Bulgaria

Rangel Vulchanov – Slantzeto i syankata AKA Sun and shadow (1962)

The first love between two very different characters is the prism through which we are shown the point of view of the film-makers who denounce war and plead for simple human happiness. Read More »

Binka Zhelyazkova – Privarzaniyat balon AKA The Tied Up Balloon (1967)

A barrage balloon appears unexpectedly over a Bulgarian village. The startled villagers decide to knock it down with a fusillade. But the balloon flies off to the mountains. The villagers, armed to their teeth, set off after it. But they are not alone in this undertaking. There is another armed group that chases the wonder. An argument whose property the balloon is breaks out between the two groups. It turns out that the balloon flew from Romania over the Danube River. In the turmoil following the argument, the balloon is destroyed. The police arrive and punish the villagers for meddling in other peoples affairs. Read More »

Kamen Kalev – Iztochni piesi AKA Eastern Plays (2009)

Quote:
Two brothers who have lost all contact are suddenly brought together when they have opposite roles in a racist beating: while Georgi who’s recently joined a neonazi group participates in the violence, Itso witnesses and rescues the Turkish family. Georgi, now being asked to participate in larger events, starts to question his implication in the movement and Itso wonders if the beautiful Turkish girl he saved could be his ticket out from his sad life in Sofia. Only by reuniting will the two brothers be able to assess what they really want from life. Read More »

Svetla Tsotsorkova – Sestra AKA Sister (2019)

Quote:
In a small town in present-day Bulgaria, a mother and her two daughters are struggling to survive. The dreamy and distracted younger daughter often invents stories to make life more interesting. Unwittingly, she eventually gets caught in a web of her own lies and destroys her older sister’s well-ordered materialistic world. While struggling to get to the facts, the two sisters find out the truth about their mother. Read More »

Milko Lazarov – Ága (2018)

Quote:
In a yurt on the snow-covered fields of the North, Nanook and Sedna live following the traditions of their ancestors. Alone in the wilderness, they look like the last people on Earth. Nanook and Sedna’s traditional way of life starts changing – slowly, but inevitably. Hunting becomes more and more difficult, the animals around them die from inexplicable deaths and the ice has been melting earlier every year. Chena, who visits them regularly, is their only connection to the outside world – and to their daughter Ága, who has left the icy tundra a long time ago due to family feud. When Sedna’s health deteriorates, Nanook decides to fulfill her wish. He embarks on a long journey in order to find Ága. Read More »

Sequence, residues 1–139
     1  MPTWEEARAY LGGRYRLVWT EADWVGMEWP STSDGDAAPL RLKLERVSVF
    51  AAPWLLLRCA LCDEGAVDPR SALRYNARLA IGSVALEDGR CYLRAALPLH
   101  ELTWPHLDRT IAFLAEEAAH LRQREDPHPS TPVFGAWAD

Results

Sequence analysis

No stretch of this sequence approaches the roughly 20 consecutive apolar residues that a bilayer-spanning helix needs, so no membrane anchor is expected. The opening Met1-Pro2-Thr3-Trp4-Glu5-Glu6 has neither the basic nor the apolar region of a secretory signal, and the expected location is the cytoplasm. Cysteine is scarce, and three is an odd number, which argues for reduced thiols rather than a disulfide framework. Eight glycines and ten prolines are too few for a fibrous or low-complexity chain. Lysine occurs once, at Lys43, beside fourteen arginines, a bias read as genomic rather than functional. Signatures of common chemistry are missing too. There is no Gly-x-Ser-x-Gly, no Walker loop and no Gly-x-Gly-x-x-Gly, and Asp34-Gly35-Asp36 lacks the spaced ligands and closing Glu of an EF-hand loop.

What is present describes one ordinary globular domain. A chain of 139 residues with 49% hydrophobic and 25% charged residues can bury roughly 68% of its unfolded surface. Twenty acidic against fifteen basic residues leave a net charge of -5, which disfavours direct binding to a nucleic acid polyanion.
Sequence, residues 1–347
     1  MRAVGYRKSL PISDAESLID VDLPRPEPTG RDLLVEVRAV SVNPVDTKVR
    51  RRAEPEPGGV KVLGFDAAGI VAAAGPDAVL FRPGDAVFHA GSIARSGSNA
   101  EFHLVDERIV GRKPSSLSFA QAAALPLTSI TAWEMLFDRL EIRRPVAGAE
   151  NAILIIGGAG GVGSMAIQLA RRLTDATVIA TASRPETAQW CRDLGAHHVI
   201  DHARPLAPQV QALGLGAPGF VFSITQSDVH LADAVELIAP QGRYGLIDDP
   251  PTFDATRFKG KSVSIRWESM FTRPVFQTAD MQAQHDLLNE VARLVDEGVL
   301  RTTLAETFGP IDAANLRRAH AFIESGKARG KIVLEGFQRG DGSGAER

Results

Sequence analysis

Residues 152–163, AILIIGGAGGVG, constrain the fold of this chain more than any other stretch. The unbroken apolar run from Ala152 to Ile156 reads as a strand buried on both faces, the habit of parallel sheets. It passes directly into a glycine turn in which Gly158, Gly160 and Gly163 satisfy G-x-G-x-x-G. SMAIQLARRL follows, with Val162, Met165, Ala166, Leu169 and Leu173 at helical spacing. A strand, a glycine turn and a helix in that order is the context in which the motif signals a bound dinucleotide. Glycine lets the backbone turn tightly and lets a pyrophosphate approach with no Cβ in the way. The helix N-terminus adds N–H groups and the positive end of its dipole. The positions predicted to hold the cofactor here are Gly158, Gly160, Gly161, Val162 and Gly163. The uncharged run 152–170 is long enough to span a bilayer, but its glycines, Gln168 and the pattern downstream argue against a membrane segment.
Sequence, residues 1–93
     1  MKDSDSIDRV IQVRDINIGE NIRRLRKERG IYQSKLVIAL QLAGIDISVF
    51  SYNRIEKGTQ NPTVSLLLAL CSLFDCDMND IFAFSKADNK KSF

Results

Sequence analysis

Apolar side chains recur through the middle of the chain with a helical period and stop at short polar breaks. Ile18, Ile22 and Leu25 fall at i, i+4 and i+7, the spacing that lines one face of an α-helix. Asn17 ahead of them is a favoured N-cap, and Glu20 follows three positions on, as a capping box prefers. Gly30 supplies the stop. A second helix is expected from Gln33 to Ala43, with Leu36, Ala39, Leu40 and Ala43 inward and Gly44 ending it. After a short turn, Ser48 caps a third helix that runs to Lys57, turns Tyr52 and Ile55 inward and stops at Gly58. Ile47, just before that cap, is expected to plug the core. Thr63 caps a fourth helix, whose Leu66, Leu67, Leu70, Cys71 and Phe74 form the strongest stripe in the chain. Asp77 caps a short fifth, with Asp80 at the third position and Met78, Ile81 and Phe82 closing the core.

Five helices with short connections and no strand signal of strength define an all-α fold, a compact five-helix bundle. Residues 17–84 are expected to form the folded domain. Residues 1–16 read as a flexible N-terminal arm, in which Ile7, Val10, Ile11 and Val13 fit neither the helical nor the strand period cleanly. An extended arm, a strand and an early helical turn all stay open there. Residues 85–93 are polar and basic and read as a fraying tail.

Vulo Radev – Kradetzat na praskovi AKA The Peach Thief [+Extras] (1964)

synopsis
In this Bulgarian drama, a POW interred in a camp slyly sneaks peaches from a colonel’s orchard. During one illicit foray, he meets the colonel’s wife and they become lovers. When the colonel orders the prisoners moved, the POW becomes determined to stay with the wife. During the march he escapes in hope of convincing her to run with him, but ends up killed by a guard who has been ordered to protect the peach trees from raiders.by Sandra Brennan Read More »

Konstantin Bojanov – Avé AKA Ave (2011)

Quote:
Two troubled teens hitchhike across Bulgaria.

Quote:
Avé (Anjela Nedyalkova) and Kamen (Ovanes Torosian) meet on the road, hitchhiking toward Ruse in northern Bulgaria for different and ultimately unclear reasons. He wears a black leather jacket over a blue hoodie with the hood up; she wears a red jacket atop a black hoodie, a brown cap on her head. Little is made of the clothes in the dialogue that begins to build between the two strangers, but the way they dress, along with a few other seemingly minor directorial choices and scriptural contrivances, denote Konstantin Bojanov’s Avé as something more memorable and fascinating than a great deal of modern road movies, never mind post-adolescent romances. Read More »